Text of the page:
BRUSSELS/RIGA - Latvia and Lithuania are among the 19 of the 28 EU member states that have banned cultivation of genetically modified organisms (GMO) in all or part of their territory, the European Commission said.
Last Saturday, Oct. 3, was the deadline for the bloc’s member states to announce restrictions or a ban on GMO in their territory and opt-out of the new EU-wide legislation on genetically modified crops.
Genetically modified organisms have been totally banned in Austria, Bulgaria, Denmark, France, Croatia, Cyprus, Greece, Hungary, Italy, Latvia, Lithuania, Luxembourg, Malta, the Netherlands, Poland, Slovenia and Germany.
Belgium has opted to keep the Wallonia region GMO-free and the UK has banned genetically modified crops in Scotland, Wales, and Northern Ireland.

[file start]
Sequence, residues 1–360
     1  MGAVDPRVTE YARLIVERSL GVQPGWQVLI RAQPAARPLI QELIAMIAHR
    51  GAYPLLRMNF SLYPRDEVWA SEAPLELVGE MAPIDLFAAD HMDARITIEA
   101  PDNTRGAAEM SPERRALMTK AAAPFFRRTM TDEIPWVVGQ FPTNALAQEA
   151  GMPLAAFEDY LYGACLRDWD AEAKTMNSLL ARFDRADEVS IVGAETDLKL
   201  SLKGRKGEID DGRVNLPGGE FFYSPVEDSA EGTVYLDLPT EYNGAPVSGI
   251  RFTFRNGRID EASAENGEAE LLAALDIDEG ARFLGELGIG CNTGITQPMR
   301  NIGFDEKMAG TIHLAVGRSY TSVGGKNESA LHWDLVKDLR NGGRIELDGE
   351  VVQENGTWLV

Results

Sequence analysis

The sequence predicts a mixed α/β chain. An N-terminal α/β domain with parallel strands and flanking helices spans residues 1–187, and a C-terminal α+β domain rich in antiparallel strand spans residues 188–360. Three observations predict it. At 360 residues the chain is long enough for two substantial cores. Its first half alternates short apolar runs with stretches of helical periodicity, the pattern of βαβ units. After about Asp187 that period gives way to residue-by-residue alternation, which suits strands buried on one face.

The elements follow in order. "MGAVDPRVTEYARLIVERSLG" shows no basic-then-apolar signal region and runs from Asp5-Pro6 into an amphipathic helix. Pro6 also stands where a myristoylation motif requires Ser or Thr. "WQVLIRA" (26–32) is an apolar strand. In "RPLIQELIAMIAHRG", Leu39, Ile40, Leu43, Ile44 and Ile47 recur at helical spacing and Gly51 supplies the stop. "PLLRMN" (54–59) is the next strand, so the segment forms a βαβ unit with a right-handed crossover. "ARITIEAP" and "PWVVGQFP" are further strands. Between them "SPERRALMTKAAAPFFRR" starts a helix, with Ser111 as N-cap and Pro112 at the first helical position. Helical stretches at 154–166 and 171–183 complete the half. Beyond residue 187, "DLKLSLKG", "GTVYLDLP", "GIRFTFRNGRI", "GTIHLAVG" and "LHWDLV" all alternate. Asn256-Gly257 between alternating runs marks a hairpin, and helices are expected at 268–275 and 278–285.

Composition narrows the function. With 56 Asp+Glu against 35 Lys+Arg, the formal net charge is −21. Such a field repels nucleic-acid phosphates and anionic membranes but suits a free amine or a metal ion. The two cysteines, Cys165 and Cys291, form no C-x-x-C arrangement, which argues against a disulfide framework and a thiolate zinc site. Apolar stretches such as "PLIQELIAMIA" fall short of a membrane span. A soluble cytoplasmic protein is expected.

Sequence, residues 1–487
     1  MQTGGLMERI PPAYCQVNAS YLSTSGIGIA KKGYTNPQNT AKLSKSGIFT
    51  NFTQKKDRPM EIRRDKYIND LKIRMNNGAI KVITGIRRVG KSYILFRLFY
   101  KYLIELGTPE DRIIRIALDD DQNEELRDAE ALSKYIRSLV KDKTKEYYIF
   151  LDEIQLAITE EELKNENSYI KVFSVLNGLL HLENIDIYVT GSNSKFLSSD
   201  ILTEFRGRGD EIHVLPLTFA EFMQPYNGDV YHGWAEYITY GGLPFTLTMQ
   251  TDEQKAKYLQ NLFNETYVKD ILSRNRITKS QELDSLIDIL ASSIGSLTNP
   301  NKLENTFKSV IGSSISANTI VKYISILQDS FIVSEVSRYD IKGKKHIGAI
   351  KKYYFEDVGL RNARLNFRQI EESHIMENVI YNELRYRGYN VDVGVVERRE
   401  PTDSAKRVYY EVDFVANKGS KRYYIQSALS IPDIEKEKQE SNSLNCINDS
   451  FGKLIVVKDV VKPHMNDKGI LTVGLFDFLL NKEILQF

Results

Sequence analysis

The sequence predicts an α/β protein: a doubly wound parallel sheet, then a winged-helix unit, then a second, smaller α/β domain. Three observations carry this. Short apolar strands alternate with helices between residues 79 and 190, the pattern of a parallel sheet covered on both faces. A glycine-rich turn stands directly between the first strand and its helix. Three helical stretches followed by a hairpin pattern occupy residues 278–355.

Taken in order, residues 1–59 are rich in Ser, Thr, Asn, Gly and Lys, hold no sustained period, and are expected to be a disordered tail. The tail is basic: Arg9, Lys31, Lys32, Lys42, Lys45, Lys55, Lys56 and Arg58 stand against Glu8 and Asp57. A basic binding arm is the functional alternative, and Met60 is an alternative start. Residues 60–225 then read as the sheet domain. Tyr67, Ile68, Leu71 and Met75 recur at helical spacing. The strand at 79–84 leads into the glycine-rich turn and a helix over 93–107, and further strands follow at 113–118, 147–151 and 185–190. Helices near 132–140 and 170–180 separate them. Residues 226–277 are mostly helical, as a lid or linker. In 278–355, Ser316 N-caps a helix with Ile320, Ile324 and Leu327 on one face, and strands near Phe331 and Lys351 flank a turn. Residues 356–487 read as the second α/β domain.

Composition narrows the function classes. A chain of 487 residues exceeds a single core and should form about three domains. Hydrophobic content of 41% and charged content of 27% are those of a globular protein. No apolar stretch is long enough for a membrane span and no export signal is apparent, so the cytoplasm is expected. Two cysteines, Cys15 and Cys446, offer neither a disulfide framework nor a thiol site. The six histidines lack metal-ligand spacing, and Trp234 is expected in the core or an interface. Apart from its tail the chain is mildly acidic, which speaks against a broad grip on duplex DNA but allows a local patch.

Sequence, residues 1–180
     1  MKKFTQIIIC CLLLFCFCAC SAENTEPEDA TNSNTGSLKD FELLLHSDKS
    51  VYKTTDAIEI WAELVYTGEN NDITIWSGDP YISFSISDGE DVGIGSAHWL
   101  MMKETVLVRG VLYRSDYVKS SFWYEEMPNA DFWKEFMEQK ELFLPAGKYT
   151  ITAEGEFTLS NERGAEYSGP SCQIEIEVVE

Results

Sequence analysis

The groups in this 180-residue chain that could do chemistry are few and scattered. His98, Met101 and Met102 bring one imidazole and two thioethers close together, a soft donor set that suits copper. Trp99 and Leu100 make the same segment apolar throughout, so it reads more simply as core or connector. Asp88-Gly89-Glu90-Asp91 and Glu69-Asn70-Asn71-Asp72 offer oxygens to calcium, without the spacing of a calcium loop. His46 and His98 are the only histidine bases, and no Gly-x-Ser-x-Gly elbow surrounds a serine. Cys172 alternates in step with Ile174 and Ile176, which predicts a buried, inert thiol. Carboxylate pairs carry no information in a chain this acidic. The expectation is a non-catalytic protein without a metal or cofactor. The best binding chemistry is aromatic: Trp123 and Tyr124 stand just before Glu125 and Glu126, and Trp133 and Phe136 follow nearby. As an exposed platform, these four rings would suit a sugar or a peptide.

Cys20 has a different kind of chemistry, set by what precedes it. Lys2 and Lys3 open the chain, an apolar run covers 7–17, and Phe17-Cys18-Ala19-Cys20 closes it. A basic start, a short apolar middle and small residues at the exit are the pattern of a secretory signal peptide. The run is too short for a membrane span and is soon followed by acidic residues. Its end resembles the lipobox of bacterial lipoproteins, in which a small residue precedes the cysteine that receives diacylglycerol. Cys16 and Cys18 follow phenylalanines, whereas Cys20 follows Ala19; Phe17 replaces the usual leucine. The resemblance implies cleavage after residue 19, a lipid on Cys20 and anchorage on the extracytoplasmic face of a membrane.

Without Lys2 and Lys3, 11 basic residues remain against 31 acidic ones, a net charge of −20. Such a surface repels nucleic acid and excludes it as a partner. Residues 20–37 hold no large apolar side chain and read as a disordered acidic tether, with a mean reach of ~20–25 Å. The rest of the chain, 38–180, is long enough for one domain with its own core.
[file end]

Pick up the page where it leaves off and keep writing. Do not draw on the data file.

The EU had already cleared over 70 genetically modified products including human food, animal feed, and cut flowers.
A genetically modified organism (GMO) is an organism whose genetic material has been altered using genetic engineering techniques. Soy and corn are the most commonplace genetically modified crops, but growing genetically modified rice and canola has also become quite widespread in the world. Current EU legislation only allowed for growing one particular type of genetically modified corn.